Minnie thought about this as she snapped a photograph to take back to show him. She’d seen this cat many times, but when she had asked the man who lived there about the cat when she saw him at the pub, he had acted a bit uncomfortable and had said in a loud voice that, ” He didn’t have a bloody cat! ”  Minnie knew that this picture would prove what she’d been saying about seeing it in the same window of the old house at the edge of the village green. With parts of the Mansion House as it was called dating back to the fifteenth century, Minnie was sure it had its share of ghosts, but this cat was real and she was going to prove it.

While she didn’t visit the pub as often as some who showed up every evening for a bit of drink and news of the day, she made sure she was waiting when the man who had argued that he had no cat came through the door for his evening pint. She was so excited by her evidence that he had barely stepped up to the bar and was still waiting for Roger the barman to fill his first glass when she shoved the camera with the image above under his nose with a loud, ” Look! “

He took the camera from her looking at it long enough for the cat’s image to register with his brain and dropped the camera onto the bar like it was too hot to hold. Backing away from the pint that was now before him, he headed for the door with everyone watching as he did something he never done before by leaving the pub without having had a drink. Minnie stared after him confused and mildly irritated that she had not had a chance to hear him admit that he did have a “bloody cat” after all. She turned back to see that Roger had picked up the camera from his spot behind the bar and after taking a long look began to tell a story about the cat in the window. Roger’s family had lived in this area for so many generations that he was the man to go to for any questions she’d  had about local places and folklore. Usually he answered her queries with great patience and this time was no exception, but as he began, she could see that even he had been a bit shaken by the image she had captured earlier.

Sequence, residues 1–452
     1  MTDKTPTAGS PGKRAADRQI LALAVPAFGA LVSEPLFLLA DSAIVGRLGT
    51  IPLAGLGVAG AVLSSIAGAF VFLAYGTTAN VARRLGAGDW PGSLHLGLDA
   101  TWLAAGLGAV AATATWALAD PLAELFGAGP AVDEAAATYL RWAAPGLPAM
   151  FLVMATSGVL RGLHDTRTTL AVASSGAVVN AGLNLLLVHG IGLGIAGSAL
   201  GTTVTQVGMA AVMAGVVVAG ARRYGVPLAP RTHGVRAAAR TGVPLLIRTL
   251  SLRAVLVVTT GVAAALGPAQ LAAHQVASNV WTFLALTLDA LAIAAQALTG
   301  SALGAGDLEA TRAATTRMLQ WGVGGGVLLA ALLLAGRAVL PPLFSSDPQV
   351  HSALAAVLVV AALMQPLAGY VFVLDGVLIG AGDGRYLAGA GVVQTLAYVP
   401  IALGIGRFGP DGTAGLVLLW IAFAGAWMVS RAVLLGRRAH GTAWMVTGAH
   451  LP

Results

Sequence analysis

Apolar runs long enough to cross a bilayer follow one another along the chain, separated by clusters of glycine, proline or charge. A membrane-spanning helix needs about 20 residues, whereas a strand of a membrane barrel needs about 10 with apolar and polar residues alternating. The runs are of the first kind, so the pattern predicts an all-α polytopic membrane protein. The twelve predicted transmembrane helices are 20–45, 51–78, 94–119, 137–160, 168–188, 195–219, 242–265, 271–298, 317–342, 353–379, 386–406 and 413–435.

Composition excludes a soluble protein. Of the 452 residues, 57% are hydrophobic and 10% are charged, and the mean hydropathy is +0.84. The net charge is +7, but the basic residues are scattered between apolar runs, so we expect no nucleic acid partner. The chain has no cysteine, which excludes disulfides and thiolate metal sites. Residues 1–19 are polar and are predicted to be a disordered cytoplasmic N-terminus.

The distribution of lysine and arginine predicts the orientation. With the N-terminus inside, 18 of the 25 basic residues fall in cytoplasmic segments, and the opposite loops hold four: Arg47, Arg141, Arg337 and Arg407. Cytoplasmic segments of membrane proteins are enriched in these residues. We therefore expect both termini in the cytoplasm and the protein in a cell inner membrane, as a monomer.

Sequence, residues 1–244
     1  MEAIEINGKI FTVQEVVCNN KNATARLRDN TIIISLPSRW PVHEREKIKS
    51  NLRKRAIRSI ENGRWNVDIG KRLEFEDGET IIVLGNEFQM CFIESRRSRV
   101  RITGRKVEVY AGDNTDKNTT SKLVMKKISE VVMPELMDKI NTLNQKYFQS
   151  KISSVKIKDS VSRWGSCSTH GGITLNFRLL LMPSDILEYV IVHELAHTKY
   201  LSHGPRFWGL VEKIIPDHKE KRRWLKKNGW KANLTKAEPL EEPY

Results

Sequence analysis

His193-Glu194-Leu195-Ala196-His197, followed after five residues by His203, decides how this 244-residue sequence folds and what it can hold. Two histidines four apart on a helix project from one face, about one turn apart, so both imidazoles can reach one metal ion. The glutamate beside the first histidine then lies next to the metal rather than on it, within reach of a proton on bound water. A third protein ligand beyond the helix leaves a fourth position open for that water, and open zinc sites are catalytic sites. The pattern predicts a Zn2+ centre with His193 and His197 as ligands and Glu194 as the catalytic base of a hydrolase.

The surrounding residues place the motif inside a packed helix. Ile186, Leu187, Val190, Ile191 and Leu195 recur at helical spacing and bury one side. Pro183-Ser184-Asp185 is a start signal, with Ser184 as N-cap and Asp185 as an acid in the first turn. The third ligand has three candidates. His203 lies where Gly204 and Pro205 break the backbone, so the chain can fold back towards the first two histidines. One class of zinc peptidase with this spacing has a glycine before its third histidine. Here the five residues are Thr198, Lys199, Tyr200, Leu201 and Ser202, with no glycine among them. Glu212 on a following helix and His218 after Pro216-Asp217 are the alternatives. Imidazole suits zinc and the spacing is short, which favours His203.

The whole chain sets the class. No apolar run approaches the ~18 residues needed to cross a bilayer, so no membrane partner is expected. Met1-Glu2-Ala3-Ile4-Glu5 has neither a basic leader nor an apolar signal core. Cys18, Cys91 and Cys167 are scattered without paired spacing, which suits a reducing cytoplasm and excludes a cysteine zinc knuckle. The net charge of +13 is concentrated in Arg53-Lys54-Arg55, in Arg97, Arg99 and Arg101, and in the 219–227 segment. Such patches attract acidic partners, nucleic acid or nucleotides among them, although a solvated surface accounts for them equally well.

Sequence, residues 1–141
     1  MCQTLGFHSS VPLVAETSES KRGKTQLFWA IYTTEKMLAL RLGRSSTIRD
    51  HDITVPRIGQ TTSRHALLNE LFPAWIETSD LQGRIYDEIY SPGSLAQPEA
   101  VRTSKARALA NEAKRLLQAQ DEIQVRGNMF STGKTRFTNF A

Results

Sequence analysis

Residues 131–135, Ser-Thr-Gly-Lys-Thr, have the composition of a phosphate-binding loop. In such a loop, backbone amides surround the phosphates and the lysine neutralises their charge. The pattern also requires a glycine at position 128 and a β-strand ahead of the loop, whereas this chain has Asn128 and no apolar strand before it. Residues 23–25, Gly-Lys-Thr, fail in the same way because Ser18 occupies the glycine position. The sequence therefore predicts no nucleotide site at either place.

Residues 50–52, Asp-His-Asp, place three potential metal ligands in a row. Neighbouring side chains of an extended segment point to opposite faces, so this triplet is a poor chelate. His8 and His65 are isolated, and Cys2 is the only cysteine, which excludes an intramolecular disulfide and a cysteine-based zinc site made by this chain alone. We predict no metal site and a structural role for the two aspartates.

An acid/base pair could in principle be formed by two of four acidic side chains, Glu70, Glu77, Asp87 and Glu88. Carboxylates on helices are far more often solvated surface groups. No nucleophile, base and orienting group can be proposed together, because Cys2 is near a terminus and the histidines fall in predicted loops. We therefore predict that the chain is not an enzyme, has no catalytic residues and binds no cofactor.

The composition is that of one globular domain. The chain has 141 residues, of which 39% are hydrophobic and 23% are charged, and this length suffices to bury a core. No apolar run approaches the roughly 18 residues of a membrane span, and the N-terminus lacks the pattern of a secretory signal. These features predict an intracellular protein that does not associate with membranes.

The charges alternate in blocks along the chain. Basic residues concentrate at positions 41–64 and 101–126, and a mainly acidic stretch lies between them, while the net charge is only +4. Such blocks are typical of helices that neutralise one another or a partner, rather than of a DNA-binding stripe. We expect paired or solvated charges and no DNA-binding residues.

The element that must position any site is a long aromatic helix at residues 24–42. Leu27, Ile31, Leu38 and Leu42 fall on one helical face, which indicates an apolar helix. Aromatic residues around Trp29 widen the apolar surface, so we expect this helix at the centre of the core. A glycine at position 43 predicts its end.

This cat he began, is believed to have belonged to Obadiah Reynolds who had the Mansion House remodeled in 1627. There’s a stone that commemorates the completion of the building work that was erected in 1636, but the story of his cat Mephisto begins after the work had been underway for a year or so around the time Mephisto first showed up at the door in 1628. Pulling up a stool, I took a seat at the bar and picked up the pint that had been left untouched. From the look on Roger’s face, I felt sure this was going to be a good and listened closely as he began…Mephisto was a gray haired feline with eyes so green they looked yellow to anyone who stared at them long enough to notice that they never blinked. He came to the village on a windy day in late October when the rain couldn’t decide to stay or go and while everyone around him was wet to the bone with the early winter rain, Mephisto arrived at the doorstep perfectly and unmistakably dry….

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I want to thank everyone who has been involved in TMAST over the last thirteen weeks. It has been a lot of fun for me and a great learning experience. I’m going to be taking a break from TMAST though until after the new year. With a trip back to Atlanta in two weeks, I have a great deal to complete before I leave and need to focus on that for a while. I’ll be stateside with family for three weeks and I know participating in TMAST will not be possible for me then either so in the interest of balance…I’ll be putting it on the shelf for a while. I will still be blogging so keep an eye out for me and I will consider beginning TMAST again in January.

For now, I want to thank Judy Harper who has been writing a story a week for as long as I have. Her story for this week can be found here.

I also want to thank Gaelikaa for her contributions to TMAST and her story for this week can be found here.

Lastly, I want to thank Kerstin Martin over at Gipsylife who shared some of her dreams yesterday which I think may have had a subconscious effect on the direction of my story today. Pop over to see her post…you’ll be glad you did.